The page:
From 2021 many companies will have a difficult life in China and many others will be able to breathe a sigh of relief. The Chinese government has decided to put significant stakes to curb monopolistic attitudes of the giants of the market, the application of these rules is now a certainty, the accusation against tech Giant Alibaba at the end of 2020 has been a clear example of it. If the Alibaba accusation of “forced exclusivity” makes several Chinese companies happy, the new privacy laws will bring happiness to Chinese consumers.
Yes, after years of charges about the improper use of Chinese consumer data extrapolated from the network, China finally decides to put a stop to such negative behavior, that damages citizens’ right to privacy. With the new rules, companies in China will have limits on use, limits on the times in which they can own this data and, moreover, companies will have to designate someone as responsible for “privacy”. #10 The six industrial Pillars of China in 2021
China is already ahead of many other countries in three industrial sectors and wishes to increase exports in these fields through international agreements. These are:
Intelligent technology (for example, applied to the development of smart cities and 5G)
New energy vehicles
At the same time, China will try to rapidly grow the following sectors, the results of which are not yet satisfying:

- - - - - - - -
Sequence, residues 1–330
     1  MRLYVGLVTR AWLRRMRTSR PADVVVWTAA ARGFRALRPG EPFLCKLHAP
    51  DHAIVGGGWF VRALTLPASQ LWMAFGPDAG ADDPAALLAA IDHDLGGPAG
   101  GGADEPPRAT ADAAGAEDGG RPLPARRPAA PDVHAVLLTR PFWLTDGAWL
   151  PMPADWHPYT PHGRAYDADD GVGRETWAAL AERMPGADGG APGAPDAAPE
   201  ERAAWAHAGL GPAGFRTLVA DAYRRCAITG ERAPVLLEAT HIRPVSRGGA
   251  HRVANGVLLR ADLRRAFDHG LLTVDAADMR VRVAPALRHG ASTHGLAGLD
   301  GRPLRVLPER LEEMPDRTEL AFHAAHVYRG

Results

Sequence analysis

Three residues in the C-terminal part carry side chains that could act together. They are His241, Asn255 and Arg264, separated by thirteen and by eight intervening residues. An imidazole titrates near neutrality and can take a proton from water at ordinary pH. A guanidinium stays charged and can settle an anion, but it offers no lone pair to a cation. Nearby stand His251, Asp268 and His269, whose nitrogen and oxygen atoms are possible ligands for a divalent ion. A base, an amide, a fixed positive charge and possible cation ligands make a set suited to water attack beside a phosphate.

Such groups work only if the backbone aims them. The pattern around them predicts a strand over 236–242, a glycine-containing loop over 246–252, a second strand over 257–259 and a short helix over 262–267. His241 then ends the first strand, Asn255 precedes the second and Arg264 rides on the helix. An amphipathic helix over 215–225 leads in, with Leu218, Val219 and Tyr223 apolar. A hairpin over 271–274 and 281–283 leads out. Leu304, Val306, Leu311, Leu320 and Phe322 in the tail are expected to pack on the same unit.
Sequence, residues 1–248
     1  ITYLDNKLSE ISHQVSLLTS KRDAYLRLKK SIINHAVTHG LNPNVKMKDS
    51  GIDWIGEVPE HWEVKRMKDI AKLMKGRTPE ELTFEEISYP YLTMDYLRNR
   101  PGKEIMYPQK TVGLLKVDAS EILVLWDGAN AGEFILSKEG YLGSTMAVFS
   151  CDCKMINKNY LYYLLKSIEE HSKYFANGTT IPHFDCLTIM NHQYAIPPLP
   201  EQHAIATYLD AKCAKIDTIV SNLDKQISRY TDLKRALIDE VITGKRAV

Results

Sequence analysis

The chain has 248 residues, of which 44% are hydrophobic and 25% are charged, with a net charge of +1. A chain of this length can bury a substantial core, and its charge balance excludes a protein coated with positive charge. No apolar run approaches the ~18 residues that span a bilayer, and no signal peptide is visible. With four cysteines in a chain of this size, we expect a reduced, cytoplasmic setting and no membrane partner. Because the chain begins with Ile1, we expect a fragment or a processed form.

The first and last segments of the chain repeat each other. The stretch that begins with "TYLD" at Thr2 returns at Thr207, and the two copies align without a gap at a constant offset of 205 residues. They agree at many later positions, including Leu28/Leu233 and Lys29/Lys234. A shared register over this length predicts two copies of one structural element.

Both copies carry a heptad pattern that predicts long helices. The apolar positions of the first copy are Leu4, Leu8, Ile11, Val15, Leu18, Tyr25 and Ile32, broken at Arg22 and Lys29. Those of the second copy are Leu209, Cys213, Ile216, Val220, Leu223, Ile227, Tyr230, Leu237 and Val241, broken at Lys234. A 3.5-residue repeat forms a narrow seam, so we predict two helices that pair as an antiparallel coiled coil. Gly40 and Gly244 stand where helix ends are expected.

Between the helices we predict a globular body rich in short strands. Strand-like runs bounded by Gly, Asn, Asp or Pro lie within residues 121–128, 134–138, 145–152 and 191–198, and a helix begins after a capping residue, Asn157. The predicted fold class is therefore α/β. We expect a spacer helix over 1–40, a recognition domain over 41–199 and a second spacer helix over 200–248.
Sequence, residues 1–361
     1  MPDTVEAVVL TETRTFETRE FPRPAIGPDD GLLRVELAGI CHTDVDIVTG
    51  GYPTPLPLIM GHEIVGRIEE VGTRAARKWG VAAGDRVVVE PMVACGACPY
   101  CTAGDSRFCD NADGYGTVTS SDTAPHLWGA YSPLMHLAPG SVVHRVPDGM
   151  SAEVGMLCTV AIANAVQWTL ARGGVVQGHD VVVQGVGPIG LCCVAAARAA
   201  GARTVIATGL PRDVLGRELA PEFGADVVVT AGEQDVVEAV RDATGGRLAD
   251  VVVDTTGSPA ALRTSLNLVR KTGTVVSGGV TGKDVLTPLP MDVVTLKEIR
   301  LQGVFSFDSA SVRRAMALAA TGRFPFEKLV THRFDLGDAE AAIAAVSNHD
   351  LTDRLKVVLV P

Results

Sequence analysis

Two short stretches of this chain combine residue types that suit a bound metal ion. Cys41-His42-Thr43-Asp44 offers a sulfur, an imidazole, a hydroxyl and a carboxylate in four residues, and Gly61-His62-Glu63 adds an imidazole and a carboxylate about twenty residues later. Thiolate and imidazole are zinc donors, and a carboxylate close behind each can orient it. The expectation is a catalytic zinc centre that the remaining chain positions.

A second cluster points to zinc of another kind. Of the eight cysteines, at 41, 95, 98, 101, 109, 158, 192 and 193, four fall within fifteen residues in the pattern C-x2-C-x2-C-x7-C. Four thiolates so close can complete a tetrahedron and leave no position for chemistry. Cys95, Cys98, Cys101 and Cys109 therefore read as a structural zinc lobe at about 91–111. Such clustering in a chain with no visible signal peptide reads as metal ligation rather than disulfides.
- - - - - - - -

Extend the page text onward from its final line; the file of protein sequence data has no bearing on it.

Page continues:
Semiconductor industry: Domestic demand continues to grow, and China can only satisfy 16% of it. The rest is imported. 350 billion dollars were spent on the import of chips in 2020. But now, China’s goal is to be able to produce as much as 70% of this requirement. According to subcategories, China already has an advanced production in testing, assembly, and packaging, while it is very lacking in the production and design of chips.
Agriculture tech: The gap between urban and rural areas in China is very evident. This becomes clear we compare the development of technology in the countryside and to that in cities. Unfortunately, China is still far behind when it comes to Agriculture Tech. But times change, and now he aims to invest much more in this field. Local governments are helping companies that invest in technology providing subsidies since the future of agriculture in China is technology. This due to the decreasing willingness of young people to work the land and the lower costs for companies that use drones and artificial intelligence for crops.
Biotech: Biotechnology is a bustling market in China. Numerous domestic and foreign investments, a lot of start-ups, M&A, companies, and universities, are all cofactors of the incredible development of the sector. In this field too, the foreign know-how and resources will drive growth.
To conclude on “China’s 2021 Forecasts” This sum up shows how China is determined to move in a specific direction. Events and trends of 2020 have in part shape the direction the country is taking for the coming years to position itself as a technology & trends setters rather than a producers.
Not convinced by our forecasts? We’ll talk about it again in a year😁